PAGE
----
Nor do we have all the answers for the complex process of falling in love that is as individual as our fingerprints. Nor do we expect our book to dispel all the stereotypes about mixed couples. In some cases these stereotypes may be validated. But of one thing we are certain: Interracial couples should cease being simply statistics, guinea pigs for social scientists and psychoanalysts to dissect and analyze. They should become human.


MARK’S VIEW ,,” Gail and I met in 1984 when I was twenty-four and she twenty-two.

We were both graduate students at the Columbia Graduate School of Journalism in New York City. I had just committed what many considered the worst blunder of my life: I had abandoned my scholarship at the journalism school and a possible secure job afterward as a journalist.

I had few prospects except a half-completed, unpublished manuscript about my childhood and youth in Alexandra, a South African ghetto, and how I escaped from apartheid bondage to freedom in America. My leaving journalism school had partly to do with a fervid desire to finish the book, whose story had haunted me for years. A few publishers had expressed interest in the manuscript. But I held out little hope that the book, if published, would change my life-in other words, that it would be any dilferent from the thousands published each year only to fade into oblivion, leaving the author as poor and insignificant as before.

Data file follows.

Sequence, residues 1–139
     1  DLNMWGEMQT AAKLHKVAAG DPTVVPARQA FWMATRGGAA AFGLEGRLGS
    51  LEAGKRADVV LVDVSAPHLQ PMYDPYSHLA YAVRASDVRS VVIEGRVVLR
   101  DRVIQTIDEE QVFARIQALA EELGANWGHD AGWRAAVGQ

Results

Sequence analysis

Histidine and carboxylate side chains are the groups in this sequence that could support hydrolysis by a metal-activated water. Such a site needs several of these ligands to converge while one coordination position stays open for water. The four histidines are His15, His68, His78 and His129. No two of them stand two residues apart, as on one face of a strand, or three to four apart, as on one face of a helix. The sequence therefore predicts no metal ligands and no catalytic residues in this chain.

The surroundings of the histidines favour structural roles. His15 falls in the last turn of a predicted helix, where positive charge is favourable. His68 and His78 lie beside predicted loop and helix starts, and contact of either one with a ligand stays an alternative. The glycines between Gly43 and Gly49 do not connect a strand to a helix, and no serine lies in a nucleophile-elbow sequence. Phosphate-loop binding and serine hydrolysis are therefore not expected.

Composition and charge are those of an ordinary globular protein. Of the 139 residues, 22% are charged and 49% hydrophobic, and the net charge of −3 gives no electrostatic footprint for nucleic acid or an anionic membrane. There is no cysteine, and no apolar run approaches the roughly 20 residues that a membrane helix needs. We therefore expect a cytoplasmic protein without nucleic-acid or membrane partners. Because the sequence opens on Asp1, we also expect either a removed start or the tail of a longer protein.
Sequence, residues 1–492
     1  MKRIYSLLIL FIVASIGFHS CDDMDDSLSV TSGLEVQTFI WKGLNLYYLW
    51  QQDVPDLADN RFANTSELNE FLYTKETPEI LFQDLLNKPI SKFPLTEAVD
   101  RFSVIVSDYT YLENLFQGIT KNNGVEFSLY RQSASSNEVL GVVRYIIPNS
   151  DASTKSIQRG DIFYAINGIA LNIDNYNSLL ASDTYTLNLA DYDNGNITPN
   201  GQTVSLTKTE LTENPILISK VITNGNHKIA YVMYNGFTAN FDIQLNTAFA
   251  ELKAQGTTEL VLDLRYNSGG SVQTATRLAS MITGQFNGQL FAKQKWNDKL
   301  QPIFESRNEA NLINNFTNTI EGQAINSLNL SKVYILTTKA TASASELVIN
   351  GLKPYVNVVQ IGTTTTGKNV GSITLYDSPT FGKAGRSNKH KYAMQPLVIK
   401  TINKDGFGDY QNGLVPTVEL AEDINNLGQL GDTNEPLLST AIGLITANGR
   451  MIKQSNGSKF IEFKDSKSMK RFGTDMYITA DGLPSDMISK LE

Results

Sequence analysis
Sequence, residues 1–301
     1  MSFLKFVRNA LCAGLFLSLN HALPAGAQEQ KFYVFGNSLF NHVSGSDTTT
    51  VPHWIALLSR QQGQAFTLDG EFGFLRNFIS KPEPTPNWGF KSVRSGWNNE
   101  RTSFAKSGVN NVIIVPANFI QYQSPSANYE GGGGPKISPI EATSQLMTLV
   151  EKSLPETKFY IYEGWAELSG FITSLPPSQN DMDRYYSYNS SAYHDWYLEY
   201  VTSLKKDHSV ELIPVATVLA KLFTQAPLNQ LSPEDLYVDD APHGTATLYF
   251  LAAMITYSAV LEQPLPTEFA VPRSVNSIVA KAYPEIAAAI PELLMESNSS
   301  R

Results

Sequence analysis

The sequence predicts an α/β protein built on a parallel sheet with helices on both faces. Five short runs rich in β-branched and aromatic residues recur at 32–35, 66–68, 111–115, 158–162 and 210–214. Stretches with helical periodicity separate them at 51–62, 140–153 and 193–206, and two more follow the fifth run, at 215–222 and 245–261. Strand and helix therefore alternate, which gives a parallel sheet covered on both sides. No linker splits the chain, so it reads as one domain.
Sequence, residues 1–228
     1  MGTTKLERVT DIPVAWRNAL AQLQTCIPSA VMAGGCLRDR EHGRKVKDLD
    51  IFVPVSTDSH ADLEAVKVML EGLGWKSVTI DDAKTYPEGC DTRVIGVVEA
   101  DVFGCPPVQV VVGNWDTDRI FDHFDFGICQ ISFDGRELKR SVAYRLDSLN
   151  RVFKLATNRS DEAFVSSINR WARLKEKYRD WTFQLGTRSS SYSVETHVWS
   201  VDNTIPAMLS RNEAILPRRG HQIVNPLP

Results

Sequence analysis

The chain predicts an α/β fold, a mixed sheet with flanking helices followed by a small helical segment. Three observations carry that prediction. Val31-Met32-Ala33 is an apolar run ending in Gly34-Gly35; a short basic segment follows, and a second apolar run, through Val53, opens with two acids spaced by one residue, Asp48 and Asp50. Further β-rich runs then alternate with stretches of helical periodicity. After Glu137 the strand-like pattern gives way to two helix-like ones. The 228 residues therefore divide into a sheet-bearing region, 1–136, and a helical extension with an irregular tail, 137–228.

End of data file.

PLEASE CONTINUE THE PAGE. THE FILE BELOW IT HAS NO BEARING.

Gail and I were living at International House-popularly known as I-House-on 122nd and Riverside Drive. Situated on the edge of Harlem and overlooking the Hudson River, the five hundred rooms of I-House olfered alfordable housing to students of various nationalities, from all over the world, who were in the United States pursuing advanced degrees or working as interns for multinational companies in New York City. Among them were Germans, Africans, Swedes, Mid-Easterners, Japanese, South Americans, French. Scores of American students were permitted to live in I-House to partake in the unique cultural exchanges.

I first became aware of Gail at a crowded dance party, hosted by the African cultural club, in the main hall of International House, an elaborate room with huge original oil paintings on the walls and French doors opening onto a terrace overlooking a small park.